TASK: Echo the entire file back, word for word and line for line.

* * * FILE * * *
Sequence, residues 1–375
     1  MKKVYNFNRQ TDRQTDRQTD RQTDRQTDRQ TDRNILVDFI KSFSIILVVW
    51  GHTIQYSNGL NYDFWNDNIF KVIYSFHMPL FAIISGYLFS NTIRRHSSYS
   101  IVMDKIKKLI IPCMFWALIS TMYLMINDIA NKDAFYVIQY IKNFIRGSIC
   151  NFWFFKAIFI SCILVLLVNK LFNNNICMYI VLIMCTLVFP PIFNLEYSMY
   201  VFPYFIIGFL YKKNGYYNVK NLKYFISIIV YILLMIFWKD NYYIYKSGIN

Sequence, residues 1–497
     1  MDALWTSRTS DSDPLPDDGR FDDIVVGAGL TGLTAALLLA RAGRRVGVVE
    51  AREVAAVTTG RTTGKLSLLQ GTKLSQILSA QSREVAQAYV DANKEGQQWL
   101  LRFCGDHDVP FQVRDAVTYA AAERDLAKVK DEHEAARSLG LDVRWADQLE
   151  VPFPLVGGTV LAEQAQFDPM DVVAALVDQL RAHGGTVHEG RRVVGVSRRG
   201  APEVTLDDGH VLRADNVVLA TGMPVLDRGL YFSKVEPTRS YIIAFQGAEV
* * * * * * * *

Sequence, residues 1–375
     1  MKKVYNFNRQ TDRQTDRQTD RQTDRQTDRQ TDRNILVDFI KSFSIILVVW
    51  GHTIQYSNGL NYDFWNDNIF KVIYSFHMPL FAIISGYLFS NTIRRHSSYS
   101  IVMDKIKKLI IPCMFWALIS TMYLMINDIA NKDAFYVIQY IKNFIRGSIC
   151  NFWFFKAIFI SCILVLLVNK LFNNNICMYI VLIMCTLVFP PIFNLEYSMY
   201  VFPYFIIGFL YKKNGYYNVK NLKYFISIIV YILLMIFWKD NYYIYKSGIN

Sequence, residues 1–497
     1  MDALWTSRTS DSDPLPDDGR FDDIVVGAGL TGLTAALLLA RAGRRVGVVE
    51  AREVAAVTTG RTTGKLSLLQ GTKLSQILSA QSREVAQAYV DANKEGQQWL
   101  LRFCGDHDVP FQVRDAVTYA AAERDLAKVK DEHEAARSLG LDVRWADQLE
   151  VPFPLVGGTV LAEQAQFDPM DVVAALVDQL RAHGGTVHEG RRVVGVSRRG
   201  APEVTLDDGH VLRADNVVLA TGMPVLDRGL YFSKVEPTRS YIIAFQGAEV